Recipe

Düsseldorf Altbier

The grain bill of the classic copper-colored altbier — which is internationally also known as a German Brown Ale — is almost Munich-like, but with a slightly less “caramelly” character than a Märzen, and less dark than a dunkel. It differs from a Munich brew, however, in its much more pronounced hoppiness. This creates a wonderful blend of malt-and-hop aromas in the finish, which is often described as bitter-sweet. The uniqueness of this beer — an ale after all — comes from the clean fermentation of a relatively cold-tolerant, top-fermenting specialty yeast.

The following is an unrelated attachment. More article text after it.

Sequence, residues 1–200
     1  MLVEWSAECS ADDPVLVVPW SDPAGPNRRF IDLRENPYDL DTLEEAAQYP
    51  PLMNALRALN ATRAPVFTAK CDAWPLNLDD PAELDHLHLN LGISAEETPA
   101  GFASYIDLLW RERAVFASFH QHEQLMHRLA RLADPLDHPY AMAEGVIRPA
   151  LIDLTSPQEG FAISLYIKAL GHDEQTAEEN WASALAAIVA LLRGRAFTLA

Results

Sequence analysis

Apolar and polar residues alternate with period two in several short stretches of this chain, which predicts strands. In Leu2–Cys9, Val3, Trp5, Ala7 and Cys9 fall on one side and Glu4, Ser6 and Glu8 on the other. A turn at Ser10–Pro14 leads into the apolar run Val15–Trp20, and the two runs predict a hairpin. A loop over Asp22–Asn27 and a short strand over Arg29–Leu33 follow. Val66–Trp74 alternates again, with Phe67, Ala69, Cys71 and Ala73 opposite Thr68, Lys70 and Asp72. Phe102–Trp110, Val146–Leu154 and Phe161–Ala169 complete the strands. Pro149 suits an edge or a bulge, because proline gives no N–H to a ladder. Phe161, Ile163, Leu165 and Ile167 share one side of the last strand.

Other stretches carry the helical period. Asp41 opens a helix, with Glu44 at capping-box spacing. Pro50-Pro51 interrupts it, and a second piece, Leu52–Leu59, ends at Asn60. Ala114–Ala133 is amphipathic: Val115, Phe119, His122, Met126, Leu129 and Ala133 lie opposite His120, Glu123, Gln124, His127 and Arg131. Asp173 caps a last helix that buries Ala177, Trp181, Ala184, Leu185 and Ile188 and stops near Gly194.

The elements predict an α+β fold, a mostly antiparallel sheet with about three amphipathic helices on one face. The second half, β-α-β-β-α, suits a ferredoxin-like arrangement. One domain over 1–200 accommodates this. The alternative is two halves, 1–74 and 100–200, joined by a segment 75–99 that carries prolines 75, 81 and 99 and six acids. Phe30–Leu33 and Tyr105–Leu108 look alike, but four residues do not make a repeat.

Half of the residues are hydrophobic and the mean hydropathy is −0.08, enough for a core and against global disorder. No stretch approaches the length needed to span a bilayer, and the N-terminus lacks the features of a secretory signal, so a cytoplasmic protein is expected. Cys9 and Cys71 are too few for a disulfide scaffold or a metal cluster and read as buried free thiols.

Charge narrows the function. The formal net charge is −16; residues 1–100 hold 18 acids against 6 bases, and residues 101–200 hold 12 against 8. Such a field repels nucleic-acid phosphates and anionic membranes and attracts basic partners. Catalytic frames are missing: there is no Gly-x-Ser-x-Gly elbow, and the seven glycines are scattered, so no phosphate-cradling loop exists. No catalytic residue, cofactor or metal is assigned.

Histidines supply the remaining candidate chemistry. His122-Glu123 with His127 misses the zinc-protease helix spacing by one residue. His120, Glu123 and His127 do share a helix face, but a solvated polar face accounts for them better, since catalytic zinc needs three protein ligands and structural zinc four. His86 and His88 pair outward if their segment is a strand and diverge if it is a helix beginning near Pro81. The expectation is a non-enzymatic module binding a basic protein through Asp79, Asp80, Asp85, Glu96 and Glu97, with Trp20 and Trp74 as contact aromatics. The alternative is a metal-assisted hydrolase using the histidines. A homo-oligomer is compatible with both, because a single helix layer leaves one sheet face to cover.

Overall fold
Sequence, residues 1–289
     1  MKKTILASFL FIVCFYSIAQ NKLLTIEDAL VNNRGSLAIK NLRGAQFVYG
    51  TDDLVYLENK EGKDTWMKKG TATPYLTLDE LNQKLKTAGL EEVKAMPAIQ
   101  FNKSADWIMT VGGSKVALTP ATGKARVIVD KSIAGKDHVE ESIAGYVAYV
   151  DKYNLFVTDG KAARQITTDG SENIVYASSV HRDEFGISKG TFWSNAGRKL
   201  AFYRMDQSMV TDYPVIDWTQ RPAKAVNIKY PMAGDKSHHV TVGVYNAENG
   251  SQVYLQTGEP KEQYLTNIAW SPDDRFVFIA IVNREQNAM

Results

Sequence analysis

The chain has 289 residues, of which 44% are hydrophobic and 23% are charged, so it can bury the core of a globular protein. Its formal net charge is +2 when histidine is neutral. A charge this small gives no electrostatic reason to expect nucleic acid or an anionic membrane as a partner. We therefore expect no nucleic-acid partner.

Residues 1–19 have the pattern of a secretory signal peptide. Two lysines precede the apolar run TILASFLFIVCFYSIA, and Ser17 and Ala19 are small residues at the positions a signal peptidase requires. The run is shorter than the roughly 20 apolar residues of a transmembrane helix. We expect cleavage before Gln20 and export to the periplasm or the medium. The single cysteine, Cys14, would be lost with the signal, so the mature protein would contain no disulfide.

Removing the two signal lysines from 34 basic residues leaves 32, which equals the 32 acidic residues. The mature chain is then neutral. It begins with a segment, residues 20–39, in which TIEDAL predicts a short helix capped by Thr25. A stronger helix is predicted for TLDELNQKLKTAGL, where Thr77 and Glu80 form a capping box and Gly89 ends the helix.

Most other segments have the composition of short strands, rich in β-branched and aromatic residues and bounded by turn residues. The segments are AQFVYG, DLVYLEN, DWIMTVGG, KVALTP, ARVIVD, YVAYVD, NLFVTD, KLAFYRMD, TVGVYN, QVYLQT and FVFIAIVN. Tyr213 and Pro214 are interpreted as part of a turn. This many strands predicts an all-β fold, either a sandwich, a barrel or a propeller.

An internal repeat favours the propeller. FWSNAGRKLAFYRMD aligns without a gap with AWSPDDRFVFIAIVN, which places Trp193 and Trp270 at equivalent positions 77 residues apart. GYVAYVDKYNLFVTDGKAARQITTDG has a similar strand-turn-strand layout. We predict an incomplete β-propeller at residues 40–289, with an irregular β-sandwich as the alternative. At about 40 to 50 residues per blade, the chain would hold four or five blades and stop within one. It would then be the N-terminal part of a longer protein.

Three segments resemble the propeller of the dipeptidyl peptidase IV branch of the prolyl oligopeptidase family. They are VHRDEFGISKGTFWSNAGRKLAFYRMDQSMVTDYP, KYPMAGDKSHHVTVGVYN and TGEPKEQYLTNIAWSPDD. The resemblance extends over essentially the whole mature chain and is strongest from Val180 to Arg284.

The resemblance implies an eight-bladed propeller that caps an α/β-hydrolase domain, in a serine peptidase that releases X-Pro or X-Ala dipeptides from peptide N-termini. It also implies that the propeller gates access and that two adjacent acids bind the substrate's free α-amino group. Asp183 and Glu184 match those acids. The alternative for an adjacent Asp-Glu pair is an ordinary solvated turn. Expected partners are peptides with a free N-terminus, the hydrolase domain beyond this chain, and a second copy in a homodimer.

The grain bill of the classic copper-colored altbier — which is internationally also known as a German Brown Ale — is almost Munich-like, but with a slightly less “caramelly” character than a Märzen, and less dark than a dunkel. It differs from a Munich brew, however, in its much more pronounced hoppiness. This creates a wonderful blend of malt-and-hop aromas in the finish, which is often described as bitter-sweet. The uniqueness of this beer — an ale after all — comes from the clean fermentation of a relatively cold-tolerant, top-fermenting specialty yeast.